Don’t add flavours to pop-ups without sweeteners as well. The sweetener rounds everything out

Thaumatin-B

This particular liquid would get more press with a better name, though you can’t take anything away from its effectiveness. This has a sunscreen aroma, almost coconut cream style, and is another brilliant sweetener. This is my first choice as an addition for nut mix or milk protein hookbaits. I’m not sure why it’s more effective on that type of bait but it definitely seems to have a positive influence! Once again, low levels are best and 1ml would be enough for most applications, 2ml if used in conjunction with a flavour, acid or carrier liquid like MetaMino or Minamino PPC.

Smells like a sweet shop, but some work better than others

N-Butyric Acid

Yep, it stinks. It lingers, it hums, it’s like a rotten bag of meat and piss. But hookbaits without this in just aren’t as good, in my experience. And I’m being a snob again, of course. If you want a hookbait that is truly ‘Next Level’, something to put your house on, you need N-Butyric Acid.

The weird thing about this stuff is that it dissolves better in colder water. I remember Frank Warwick using baits with so much N-Butyric in you could barely approach the lake he was on, let alone his swim!

One interesting thing about N-Butyric is that it’s used to create a number of artificial flavours, namely pineapple. How the hell does something that smells like a Frenchman’s jockstrap end up smelling of pineapples? Science is scary!

I include N-Butyric in the glugs I put over my hookbaits. My usual guesstimate is 2ml flavour, 2ml sweetener, 2 drops N-butyric, especially for winter hookbaits. I’ll happily use that combination with most sweet flavours, but if I’m boosting my fishmeals? Well that’s another game altogether.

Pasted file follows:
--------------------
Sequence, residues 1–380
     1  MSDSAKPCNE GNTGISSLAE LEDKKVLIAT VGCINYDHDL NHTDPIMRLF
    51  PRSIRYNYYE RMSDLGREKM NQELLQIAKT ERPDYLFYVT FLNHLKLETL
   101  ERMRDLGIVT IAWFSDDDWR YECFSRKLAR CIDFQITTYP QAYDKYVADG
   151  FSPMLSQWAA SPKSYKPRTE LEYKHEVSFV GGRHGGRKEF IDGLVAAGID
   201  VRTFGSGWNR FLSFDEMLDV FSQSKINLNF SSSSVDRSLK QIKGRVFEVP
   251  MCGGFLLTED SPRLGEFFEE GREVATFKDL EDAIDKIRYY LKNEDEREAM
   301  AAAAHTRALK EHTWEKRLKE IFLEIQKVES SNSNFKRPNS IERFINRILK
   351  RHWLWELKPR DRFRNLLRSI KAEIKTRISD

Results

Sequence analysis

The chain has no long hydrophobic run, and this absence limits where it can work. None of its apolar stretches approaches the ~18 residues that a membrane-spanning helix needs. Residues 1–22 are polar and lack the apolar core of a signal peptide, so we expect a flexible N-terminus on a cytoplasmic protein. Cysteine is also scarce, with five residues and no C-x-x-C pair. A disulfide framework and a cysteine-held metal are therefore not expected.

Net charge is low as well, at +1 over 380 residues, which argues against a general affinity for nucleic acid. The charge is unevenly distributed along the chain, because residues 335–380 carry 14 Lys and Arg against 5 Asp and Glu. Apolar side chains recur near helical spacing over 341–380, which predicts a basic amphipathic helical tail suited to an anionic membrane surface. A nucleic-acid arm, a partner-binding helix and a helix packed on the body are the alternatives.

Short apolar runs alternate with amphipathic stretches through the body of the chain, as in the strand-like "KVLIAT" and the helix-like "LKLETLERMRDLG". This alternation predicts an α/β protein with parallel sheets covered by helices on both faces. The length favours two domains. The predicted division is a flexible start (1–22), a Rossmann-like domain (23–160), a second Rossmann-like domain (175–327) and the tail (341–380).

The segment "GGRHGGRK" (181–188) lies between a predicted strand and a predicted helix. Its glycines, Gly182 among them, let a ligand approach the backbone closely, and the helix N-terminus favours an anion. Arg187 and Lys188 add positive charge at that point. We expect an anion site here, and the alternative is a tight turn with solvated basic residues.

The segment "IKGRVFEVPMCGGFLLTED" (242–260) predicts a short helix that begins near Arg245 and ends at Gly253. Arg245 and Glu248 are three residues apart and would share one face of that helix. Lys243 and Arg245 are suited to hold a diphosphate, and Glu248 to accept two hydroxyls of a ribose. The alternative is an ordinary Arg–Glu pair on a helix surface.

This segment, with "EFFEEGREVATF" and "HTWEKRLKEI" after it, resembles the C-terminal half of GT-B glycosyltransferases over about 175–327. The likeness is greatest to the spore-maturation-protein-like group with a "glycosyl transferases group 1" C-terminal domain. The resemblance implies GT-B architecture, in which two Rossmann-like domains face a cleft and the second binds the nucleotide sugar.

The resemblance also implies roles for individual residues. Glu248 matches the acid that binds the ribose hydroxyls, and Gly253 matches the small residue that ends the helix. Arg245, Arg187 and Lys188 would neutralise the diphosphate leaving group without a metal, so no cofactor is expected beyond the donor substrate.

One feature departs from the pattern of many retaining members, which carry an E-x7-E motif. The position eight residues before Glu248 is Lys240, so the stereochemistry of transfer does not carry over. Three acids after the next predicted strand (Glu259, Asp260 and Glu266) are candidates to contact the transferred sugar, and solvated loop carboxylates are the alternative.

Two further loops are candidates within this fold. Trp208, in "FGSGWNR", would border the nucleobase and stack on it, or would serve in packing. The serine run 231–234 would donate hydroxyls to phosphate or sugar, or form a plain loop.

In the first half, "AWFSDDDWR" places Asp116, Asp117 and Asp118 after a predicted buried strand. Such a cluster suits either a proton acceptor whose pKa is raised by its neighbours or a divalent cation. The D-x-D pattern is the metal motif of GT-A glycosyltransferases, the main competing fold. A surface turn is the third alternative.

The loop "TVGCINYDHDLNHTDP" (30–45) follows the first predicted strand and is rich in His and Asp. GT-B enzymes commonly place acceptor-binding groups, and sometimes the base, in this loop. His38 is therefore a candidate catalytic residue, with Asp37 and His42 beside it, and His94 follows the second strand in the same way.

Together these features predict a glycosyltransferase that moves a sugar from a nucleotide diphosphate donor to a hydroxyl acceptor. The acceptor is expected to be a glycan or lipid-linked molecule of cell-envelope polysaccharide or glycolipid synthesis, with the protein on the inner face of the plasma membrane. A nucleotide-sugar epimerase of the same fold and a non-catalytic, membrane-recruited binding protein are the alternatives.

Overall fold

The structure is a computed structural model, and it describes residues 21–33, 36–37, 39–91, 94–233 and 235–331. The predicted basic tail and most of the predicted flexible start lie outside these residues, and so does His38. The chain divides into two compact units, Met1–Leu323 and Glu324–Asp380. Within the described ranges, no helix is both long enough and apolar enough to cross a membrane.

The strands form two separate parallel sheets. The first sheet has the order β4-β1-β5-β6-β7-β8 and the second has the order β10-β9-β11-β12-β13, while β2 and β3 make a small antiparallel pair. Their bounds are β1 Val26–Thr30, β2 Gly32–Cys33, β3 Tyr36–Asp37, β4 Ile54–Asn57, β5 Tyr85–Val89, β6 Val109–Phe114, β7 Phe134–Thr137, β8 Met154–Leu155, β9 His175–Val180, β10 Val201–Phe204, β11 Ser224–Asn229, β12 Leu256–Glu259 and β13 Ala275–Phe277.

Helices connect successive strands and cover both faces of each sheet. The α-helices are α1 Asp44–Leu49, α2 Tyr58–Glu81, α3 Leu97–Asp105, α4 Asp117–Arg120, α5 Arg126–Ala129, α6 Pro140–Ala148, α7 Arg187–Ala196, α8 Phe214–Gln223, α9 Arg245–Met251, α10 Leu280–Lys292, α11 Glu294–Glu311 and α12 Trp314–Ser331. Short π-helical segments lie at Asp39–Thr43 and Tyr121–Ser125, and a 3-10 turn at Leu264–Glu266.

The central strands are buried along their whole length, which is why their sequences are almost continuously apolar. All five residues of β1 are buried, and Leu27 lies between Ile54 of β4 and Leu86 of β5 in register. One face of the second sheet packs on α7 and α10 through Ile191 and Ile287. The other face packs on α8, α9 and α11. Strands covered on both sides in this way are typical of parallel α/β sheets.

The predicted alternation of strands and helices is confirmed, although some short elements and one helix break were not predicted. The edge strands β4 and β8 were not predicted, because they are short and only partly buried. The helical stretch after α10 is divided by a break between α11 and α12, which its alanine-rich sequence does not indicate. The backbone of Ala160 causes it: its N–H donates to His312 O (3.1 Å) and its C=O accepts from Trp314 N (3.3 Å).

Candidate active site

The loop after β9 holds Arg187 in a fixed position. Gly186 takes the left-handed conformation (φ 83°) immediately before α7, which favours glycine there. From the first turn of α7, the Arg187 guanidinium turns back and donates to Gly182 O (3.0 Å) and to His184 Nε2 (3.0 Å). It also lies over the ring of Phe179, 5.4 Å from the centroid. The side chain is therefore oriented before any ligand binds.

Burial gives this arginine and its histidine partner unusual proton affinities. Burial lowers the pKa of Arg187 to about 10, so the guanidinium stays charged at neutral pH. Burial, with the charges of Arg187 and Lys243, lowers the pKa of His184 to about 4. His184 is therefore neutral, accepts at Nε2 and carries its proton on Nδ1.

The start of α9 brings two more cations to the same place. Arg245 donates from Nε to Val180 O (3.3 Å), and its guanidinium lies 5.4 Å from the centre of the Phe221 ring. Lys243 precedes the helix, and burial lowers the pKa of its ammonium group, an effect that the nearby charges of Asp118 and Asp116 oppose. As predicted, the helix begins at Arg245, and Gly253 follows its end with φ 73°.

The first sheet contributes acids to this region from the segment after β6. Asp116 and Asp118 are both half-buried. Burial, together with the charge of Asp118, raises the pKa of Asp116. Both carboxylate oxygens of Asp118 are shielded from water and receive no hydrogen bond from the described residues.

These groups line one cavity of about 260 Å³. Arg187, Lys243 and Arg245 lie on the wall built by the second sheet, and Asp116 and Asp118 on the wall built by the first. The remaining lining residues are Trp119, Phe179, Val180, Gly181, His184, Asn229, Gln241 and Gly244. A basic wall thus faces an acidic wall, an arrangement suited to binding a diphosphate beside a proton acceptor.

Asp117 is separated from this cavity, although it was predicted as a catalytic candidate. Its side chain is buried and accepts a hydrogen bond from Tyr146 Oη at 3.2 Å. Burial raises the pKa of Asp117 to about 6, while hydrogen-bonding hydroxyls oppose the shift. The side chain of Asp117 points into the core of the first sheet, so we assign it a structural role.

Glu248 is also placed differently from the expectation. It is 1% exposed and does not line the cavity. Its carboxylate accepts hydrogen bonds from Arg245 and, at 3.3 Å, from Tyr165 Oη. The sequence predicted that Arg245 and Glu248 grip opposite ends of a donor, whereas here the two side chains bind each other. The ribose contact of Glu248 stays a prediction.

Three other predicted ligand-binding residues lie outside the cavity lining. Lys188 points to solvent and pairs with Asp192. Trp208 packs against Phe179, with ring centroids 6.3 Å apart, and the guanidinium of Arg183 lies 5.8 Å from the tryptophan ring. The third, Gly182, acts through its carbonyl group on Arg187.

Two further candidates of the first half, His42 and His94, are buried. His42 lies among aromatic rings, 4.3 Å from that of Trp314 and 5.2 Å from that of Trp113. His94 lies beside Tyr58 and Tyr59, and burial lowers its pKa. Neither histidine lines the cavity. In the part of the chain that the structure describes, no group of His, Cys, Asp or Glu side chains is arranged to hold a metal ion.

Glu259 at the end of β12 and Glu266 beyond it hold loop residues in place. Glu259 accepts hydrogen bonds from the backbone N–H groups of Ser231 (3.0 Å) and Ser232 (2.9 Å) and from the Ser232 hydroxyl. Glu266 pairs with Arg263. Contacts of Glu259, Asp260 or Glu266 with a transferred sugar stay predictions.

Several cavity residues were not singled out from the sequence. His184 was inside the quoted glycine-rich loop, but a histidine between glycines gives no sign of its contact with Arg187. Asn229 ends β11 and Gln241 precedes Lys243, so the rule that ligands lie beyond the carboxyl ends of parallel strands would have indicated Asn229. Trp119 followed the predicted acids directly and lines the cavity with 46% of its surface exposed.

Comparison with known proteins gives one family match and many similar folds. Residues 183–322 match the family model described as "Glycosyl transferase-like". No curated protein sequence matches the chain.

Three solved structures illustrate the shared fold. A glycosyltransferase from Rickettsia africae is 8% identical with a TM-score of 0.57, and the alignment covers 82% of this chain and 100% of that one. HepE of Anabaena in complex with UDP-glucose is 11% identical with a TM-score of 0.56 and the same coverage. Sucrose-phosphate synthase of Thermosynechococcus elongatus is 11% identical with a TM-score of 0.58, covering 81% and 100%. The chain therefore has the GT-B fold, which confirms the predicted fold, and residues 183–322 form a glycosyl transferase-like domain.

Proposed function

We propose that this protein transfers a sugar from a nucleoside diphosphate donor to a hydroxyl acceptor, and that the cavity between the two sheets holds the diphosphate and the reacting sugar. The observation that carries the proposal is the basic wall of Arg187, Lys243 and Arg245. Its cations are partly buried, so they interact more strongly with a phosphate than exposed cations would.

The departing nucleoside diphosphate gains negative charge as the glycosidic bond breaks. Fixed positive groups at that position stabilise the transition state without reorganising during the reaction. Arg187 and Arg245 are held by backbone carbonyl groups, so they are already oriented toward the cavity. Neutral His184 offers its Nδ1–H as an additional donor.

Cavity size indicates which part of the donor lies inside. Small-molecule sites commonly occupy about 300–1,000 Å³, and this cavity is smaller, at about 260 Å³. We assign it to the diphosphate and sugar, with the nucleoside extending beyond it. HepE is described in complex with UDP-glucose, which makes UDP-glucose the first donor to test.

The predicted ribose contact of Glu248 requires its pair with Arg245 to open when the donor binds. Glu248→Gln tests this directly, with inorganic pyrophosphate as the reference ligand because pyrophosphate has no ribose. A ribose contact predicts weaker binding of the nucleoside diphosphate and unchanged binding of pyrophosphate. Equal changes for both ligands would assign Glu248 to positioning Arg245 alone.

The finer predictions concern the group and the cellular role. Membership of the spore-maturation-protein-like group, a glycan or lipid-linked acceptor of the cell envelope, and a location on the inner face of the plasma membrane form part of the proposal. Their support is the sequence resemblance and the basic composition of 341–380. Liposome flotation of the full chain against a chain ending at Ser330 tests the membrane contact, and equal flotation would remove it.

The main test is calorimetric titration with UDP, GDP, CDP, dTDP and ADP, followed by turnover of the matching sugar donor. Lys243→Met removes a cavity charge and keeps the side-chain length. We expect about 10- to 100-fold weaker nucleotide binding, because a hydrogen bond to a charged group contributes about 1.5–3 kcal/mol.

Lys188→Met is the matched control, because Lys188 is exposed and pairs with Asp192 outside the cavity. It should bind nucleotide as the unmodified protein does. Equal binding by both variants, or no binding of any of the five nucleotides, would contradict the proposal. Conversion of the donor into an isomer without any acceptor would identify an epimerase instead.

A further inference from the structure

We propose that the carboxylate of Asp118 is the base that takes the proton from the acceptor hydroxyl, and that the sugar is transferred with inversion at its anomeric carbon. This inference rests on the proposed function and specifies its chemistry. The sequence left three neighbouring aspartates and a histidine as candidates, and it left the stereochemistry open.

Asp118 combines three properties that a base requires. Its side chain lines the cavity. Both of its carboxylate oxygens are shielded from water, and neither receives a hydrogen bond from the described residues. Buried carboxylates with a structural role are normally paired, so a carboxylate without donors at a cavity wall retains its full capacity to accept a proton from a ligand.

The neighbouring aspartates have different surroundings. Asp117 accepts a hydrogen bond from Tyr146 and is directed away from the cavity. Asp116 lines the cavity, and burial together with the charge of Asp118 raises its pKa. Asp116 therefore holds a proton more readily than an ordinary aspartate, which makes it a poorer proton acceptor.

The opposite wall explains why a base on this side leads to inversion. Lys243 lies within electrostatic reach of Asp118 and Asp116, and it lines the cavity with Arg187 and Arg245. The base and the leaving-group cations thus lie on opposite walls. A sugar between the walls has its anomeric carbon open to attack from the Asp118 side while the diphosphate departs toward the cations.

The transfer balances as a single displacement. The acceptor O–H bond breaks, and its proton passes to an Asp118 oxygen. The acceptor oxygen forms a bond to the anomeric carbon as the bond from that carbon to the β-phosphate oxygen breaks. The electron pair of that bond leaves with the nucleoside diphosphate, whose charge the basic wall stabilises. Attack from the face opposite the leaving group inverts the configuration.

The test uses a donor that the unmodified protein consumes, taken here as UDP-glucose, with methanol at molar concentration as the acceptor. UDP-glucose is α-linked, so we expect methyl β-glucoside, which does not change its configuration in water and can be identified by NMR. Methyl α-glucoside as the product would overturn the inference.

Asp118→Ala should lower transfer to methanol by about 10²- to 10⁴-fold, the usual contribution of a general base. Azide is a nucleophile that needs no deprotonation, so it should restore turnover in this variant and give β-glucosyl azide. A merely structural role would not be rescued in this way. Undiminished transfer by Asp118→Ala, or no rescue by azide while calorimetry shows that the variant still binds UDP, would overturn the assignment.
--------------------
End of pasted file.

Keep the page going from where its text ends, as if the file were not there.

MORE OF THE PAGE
Oils are mega, as are additional fishmeal powders. My finely-tuned Code Reds are an absolute banker at times

Well oiled

Fish oils are great and an easy way to make a fishmeal hookbait look like it’s going to tear the lake apart, but the truth is sometimes the oil can lock-in all the goodness in the hookbait and not really allow it to escape freely. You know when you get oil on your hands, it’s hard to wash off, isn’t it? So for me, I don’t think it’s quite as simple as just lobbing some salmon oil around your cork ball pop-ups and feeling well carpy.

Experimentation is key. Some baits absorb liquids quickly too. When they dry out, give them a chance before considering the addition of more liquid. Don’t overload!

In my experience, thinning the oils with a Nutritional Emulsifier (Nutrabaits do a great one) and adding a spot of flavour, sweetener and acid to the mix really gets things lively. I’ve been using the Code Red bait from Sonubaits loads and for my hookbaits I have a simple combination that’s accounted for a fish with just about every hookbait in the pot.

10ml Chilli Oil, 2 drops black pepper oil, 2ml Nutritional Emulsifier, 2 Drops N-Butyric and 1ml Betalin. Smells like Code Red on steroids and I can’t imagine life without it!

Natural liquids and liquid foods can be amazing

Protein diet

This is where things get really confusing for me as I can’t imagine any of the Fish Proteins, Liquid Livers, Liquid This, Liquid That’s of this world don’t attract fish. In fact, I’d go as far to say that a cup of tea would attract a carp to feed somewhere if put in the right place. Choosing one that works as well from one venue to another is virtually impossible and with every bait company going putting this sort of thing in bottles, who knows where to start?

I can’t imagine that any of the liquid foods are a bad addition to a hookbait, but where do you actually start? I’ve just been on a number of websites reading through the blurb and by the sounds of it, many rely on being used in conjunction with certain baits, or certain versions of a bait. Or they’re only any good when emulsified, or when used at certain levels, or when put over frozen baits to thaw out, or when mixed with oil, or this or that or anything else they might’ve thought about that might sell a few pots.

One of three chunks on pimped hookbaits. Give yourself an edge, don’t settle for the commercially available ones

That’s the great thing about bait though. It’s a constant experiment and something you’ll find your own ‘secrets’ and edges with. But you simply must go on that journey.

Most of the time the only bottles you find on a carp angler’s barrow have got beer in them. So don’t be a pub chucker, give your singles some thought this autumn and pimp your hookbaits. You never know, you might slip the net under something worth cracking a beer open for.